Around the World
Unsurprisingly, Mozambique’s most famous dish long ago made it across two oceans to its former colonizer, Portugal, where it has become a local specialty at the picturesque village of Guia, in the central Algarve. There are several restaurants to choose from here, but none finer than the veteran Restaurant Ramires (+351 289 561 232; inexpensive), which has been firing up visitors’ taste buds for over 25 years.

A Day in Maputo

Easily and safely explored on foot, central Maputo is a compact grid of shady avenues filled with unexpected architectural curiosities.
MORNING : Start at Praça dos Trabalhadores and Maputo Railway Station, the palatial 1910 creation of Gustave Eiffel. From here, the bar-lined Rua de Bagamoio (once known as the “Street of Trouble” by visiting sailors) leads through the old town to the 18th-century Fortalezada Nossa Senhora da Conceição, the city’s oldest extant building and home to interesting artworks. Take a short ferry ride to rustic Catembe for fabulous views and an inexpensive seafood lunch at the redoubtable Restaurant Diogo on the beach.
AFTERNOON : Take the ferry back and follow Av. Patrice Lumumba uphill to the prestigious Polana District and shady Av. Friedrich Engels for clifftop views over the harbor.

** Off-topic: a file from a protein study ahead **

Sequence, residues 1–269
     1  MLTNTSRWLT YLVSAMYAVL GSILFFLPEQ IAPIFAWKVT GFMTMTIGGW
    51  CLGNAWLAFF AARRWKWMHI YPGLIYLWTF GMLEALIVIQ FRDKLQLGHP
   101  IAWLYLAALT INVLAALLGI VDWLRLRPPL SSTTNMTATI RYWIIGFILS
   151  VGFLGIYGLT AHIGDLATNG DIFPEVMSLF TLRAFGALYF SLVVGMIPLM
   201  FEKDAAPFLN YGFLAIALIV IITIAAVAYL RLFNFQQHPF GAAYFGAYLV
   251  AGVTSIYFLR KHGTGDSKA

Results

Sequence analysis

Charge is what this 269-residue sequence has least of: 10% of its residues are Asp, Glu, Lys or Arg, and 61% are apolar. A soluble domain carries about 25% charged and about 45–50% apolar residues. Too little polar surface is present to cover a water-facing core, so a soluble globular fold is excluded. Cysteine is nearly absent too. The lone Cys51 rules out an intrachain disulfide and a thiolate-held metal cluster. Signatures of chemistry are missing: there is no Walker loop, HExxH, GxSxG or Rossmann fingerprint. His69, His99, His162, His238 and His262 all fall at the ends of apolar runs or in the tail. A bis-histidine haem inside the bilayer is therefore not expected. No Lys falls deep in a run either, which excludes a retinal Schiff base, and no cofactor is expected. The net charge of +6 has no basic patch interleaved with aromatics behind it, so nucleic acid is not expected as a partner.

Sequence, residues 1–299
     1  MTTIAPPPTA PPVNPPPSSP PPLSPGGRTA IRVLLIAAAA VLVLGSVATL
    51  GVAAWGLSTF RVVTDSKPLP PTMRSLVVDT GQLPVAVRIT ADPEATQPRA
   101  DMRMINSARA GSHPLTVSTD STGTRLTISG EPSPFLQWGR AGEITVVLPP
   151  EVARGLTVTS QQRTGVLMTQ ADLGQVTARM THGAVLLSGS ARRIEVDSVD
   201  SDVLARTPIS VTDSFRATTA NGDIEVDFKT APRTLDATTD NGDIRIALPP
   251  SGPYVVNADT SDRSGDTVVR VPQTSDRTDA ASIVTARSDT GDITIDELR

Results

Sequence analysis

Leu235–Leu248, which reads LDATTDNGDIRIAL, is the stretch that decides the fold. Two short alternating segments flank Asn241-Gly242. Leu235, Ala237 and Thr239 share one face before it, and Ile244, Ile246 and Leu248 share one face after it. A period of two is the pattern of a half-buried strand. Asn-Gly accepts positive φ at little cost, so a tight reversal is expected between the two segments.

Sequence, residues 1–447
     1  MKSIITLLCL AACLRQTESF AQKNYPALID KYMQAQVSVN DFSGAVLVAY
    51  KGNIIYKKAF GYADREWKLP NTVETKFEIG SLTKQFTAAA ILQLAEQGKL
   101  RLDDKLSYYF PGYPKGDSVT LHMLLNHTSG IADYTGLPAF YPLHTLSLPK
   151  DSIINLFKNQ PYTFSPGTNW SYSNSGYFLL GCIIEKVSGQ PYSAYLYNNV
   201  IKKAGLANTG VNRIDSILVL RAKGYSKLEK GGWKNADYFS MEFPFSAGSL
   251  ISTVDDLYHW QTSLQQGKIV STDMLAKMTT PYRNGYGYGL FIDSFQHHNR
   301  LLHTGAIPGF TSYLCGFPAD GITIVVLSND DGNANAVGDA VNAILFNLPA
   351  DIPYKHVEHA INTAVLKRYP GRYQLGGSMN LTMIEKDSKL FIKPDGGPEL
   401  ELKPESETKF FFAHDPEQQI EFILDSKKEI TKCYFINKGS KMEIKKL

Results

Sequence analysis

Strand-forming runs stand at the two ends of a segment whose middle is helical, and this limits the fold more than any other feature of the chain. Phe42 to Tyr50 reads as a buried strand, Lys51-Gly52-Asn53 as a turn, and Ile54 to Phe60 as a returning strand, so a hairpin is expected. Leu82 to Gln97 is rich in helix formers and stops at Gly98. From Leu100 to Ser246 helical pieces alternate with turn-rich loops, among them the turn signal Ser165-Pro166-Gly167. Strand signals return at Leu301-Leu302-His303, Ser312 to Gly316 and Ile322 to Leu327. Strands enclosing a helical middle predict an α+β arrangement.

EVENING : Dive into the fantastic Barracas de Museu for a drink or two before or after dinner.
Getting to Lalibela
Maputo is Mozambique’s main port of entry, and the international airport is only 10 minutes from downtown, traffic permitting.
Where to stay in Lalibela
Fatima’s Place (inexpensive) is a popular owner-managed hostel with dorms and private rooms. www.mozambiquebackpackers.com
Hotel Villa das Mangas (moderate) is a small central boutique hotel set around a pretty garden with a pool. www.hipchichotels.net
The ocean-facing Serena Polana (expensive) has been Maputo’s most prestigious address since it opened in 1922. www.serenahotels.com
Mike Slater’s detailed www.mozguide.com is very useful.

The Church of St. George, Lalibela, is carved in the form of a Greek cross, from an excavation 40 ft (12 m) deep